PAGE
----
[and] I had just finished marveling at a glowing frog and was slogging through some cloud forest mud to catch up with the others when my UV light landed on something electric blue sticking out against the blood red spikemosses covering the forest floor. Harvestmen are a dime a dozen here, but they tend towards yellow or green under UV light and often aren't this vibrantly luminescent, so I leaned in for a closer look. I was jazzed by what I saw, more so because it was my first ever onychophoran (velvet worm) than because of the predation I was witnessing! At Tulane, I teach intro ecology and evolutionary biology labs on the diversity of life, and we have a week dedicated entirely to ecdysozoans (critters that grow by molting their exoskeletons). Onychophorans have always been, in my opinion, one of the more fascinating members of that group, made all the more intriguing by the fact that it's one of the few taxa I teach about that I'd never before encountered in person. 

Mike’s right, velvet worms are pretty remarkable creatures. Averaging about 5 cm (2 inches) in length, they use their stubby feet to crawl on the ground, searching for prey. When a velvet worm assesses that an organism might be a good meal, it immobilizes the prey by squirting glue-like slime over it! 

Harvestmen, often called daddy longlegs, often do have very spindly legs and lack both venom and silk glands. Some scavenge and others hunt, and what’s really cool is that they are able to eat solid food, whereas most other arachnids can only ingest liquids. They comprise their own order within the arachnids and are not spiders. 

Working with Dr. Jordan Karubian from Tulane, Mike (above) is doing research that 

leverages remote sensing and field data to determine how anthropogenic forces pair with natural environmental gradients to reshape forest structure and avian communities in the region. My ultimate goals are to improve our understanding of tropical landscape and climate change impacts and to generate tools and data that will help us better monitor, prevent, and reverse declines in diversity and ecosystem function.

An iNat user for about four years now, Mike says he likes the connections it builds between naturalists of all stripes, especially important for conservation work as experts can provide identification help with endangered and potentially undescribed species. And,  

lastly, I love and use iNaturalist because it's a great way to foster a culture of gratitude and reciprocity, both with nature and with each other. Often, learning an organism's name is the first step people take towards really knowing and caring for that organism, so the ability to make and share identifications on this platform is very powerful. It's a place where we can share the gift and responsibility of knowledge, so I always try to give back a bit more than I receive by keeping my community ID numbers ahead of my own observation numbers. I encourage you to try doing the same! Even if you feel you're just a seedling of a naturalist in a forest of experts, there's always a niche for you here to grow into and share.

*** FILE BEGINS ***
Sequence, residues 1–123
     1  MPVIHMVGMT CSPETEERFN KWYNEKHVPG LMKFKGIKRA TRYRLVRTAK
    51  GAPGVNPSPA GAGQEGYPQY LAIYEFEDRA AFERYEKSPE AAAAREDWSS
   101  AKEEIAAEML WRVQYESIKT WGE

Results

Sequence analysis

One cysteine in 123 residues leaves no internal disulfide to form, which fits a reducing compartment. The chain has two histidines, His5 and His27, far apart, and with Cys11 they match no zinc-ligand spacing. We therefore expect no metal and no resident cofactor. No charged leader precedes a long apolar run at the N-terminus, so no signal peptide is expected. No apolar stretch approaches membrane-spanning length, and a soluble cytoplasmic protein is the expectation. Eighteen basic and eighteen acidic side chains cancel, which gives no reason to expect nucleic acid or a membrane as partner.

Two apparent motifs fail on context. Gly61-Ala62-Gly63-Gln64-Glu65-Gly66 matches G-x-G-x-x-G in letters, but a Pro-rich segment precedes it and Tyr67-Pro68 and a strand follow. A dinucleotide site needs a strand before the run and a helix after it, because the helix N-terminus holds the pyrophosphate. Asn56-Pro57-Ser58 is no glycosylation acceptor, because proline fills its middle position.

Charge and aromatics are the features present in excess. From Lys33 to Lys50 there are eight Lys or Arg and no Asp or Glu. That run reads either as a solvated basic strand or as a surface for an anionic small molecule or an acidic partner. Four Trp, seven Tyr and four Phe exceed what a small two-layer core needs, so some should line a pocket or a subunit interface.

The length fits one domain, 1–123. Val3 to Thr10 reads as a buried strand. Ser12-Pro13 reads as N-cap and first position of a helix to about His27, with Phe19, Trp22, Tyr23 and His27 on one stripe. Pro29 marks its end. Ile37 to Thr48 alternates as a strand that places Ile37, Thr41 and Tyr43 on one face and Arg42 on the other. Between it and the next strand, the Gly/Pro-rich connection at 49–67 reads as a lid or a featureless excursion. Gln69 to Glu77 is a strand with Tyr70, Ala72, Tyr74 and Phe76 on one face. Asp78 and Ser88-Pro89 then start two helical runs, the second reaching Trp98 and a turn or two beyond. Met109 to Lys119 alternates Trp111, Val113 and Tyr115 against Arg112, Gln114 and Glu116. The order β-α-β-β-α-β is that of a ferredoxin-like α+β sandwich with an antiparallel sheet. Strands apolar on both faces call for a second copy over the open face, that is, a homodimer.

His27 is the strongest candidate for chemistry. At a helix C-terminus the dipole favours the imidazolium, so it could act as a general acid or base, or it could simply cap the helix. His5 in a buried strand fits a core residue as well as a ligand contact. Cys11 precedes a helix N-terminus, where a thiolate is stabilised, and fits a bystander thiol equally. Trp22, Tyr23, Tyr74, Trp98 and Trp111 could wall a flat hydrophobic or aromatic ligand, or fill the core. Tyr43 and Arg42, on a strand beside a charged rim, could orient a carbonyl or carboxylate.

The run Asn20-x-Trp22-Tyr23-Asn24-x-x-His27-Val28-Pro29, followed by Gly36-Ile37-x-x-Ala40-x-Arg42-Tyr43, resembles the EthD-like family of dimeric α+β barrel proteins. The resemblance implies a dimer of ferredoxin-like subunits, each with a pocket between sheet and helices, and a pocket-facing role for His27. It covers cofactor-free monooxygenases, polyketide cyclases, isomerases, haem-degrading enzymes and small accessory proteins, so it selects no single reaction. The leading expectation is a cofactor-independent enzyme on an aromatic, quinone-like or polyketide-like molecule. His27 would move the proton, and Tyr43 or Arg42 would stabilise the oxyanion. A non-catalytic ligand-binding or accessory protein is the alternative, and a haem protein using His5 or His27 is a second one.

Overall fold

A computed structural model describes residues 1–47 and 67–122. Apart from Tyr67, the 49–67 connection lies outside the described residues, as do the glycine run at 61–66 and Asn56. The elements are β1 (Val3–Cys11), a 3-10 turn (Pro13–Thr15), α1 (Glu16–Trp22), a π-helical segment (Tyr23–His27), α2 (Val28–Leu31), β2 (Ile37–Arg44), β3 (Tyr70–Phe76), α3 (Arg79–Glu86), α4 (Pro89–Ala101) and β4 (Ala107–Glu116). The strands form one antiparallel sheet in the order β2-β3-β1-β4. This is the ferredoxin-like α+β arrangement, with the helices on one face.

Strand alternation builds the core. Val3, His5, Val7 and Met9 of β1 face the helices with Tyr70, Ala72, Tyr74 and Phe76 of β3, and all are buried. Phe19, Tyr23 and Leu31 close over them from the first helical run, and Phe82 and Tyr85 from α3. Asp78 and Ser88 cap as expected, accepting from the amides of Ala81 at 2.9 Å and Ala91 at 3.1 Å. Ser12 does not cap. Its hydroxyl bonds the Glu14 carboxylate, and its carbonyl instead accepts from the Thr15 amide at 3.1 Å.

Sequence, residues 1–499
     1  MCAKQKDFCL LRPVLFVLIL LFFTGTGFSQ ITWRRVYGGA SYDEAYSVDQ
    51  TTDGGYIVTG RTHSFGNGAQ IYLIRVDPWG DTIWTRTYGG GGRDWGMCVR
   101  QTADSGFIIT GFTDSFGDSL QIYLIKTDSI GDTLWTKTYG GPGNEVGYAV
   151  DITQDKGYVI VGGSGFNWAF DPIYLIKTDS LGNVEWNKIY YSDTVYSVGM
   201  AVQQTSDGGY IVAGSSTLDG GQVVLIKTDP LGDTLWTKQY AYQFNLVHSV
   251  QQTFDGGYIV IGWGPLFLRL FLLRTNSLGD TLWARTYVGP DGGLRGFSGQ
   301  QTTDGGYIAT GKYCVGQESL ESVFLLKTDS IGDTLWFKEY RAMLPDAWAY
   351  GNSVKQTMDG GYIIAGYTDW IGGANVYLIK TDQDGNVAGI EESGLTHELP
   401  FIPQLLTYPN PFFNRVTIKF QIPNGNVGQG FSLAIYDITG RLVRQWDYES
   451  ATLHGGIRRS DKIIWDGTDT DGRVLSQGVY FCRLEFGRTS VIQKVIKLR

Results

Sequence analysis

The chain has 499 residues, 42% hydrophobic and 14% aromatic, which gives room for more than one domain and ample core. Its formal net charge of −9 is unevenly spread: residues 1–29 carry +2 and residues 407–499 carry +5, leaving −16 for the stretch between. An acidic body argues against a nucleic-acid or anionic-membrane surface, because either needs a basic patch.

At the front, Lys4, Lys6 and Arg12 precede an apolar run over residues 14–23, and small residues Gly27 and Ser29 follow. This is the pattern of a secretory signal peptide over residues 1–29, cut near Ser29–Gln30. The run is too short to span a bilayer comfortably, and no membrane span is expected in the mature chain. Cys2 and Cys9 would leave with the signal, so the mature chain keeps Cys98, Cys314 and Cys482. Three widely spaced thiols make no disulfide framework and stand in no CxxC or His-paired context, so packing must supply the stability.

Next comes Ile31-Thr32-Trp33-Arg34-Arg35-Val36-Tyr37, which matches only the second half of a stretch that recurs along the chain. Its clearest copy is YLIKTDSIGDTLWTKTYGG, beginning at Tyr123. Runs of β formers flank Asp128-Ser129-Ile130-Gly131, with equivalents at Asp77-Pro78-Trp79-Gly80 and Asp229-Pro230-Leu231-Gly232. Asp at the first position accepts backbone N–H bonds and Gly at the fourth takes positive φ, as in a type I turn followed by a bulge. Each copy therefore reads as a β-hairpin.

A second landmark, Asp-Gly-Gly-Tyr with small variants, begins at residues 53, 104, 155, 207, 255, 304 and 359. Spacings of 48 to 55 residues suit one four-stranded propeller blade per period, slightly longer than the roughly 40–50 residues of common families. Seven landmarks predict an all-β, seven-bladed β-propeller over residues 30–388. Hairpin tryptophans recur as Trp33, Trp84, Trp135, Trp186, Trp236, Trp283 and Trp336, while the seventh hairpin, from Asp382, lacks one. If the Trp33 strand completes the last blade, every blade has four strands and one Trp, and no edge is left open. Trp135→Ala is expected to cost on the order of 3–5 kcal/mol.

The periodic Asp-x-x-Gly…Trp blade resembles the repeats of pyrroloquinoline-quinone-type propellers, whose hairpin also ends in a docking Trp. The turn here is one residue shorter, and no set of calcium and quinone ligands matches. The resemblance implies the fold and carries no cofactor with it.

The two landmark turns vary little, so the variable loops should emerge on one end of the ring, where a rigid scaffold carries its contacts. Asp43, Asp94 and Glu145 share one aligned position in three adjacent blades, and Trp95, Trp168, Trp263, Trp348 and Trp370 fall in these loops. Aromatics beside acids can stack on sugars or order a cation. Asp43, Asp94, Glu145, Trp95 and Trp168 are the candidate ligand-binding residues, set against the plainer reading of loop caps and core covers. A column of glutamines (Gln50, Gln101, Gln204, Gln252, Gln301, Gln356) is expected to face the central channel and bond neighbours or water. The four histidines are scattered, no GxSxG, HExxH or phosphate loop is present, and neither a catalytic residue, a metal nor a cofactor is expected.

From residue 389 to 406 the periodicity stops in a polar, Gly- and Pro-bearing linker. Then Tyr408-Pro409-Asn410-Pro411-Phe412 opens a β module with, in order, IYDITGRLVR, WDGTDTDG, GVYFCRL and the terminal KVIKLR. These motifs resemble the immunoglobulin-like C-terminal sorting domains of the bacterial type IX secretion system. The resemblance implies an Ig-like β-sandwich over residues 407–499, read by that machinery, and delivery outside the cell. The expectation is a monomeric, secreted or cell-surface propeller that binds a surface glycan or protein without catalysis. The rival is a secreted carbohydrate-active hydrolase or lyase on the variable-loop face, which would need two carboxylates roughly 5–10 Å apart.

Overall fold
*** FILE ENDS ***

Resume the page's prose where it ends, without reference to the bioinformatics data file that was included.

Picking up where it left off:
- Check out this video about a physicist studying the velvet worm slime squirting.

- An early Observation of the Week by @steve_kerr documented a harvestman with a “Phineas Gage” injury. 

- Just take a look at the most faved velvet worms and harvestmen on iNat - amazing!

- iNatter @leftcoastnaturalist debunks the myth that “daddy longlegs” are the most venomous creatures on Earth. 

Posted on May 10, 2022 09:30 PM by tiwane tiwane | 19 comments | Leave a comment

May 13, 2022

Identifier Profile: @clauden

This is the tenth in an ongoing monthly (or almost monthly!) series profiling the amazing identifiers of iNaturalist.

I’ve come across Claude Nozères (@clauden) on iNat few times and have always been impressed not only by his 30k+ identifications, especially of marine organisms (a diverse and difficult group), but his encouraging comments as well as his ability to dig up for ID discussions. So I’m happy to be writing about him for this Identifier Profile.

Claude grew up in Vancouver, British Columbia (on the western side of North America) and tells me “[I] was always interested in the seashore and the mountains, though in the end the sea won out and I pursued marine biology at university, focussing on the ecology of food webs with seals and whales.” After being offered an internship in Quebec (on the eastern side of North America) to work with seals, he stayed in the area to get his master’s degree at Laval University - researching the diet of St. Lawrence beluga whales

To do my project, I had to collect over 60 potential prey species of fish and invertebrates to analyse their chemical signatures. I noticed there was no one best resource to identify all the animals in the NW Atlantic, and some mistakes were being made using southern (US) or eastern (Europe) guides. And the illustrations in ID keys were not always easy to interpret when examining organisms, especially for fresh colors. Because my project involved processing (blending!) prey samples to obtain their chemical profile, I had to be sure of their identification.

So he began documenting the prey photographically - first on film, then on a (one megapixel!) digital camera.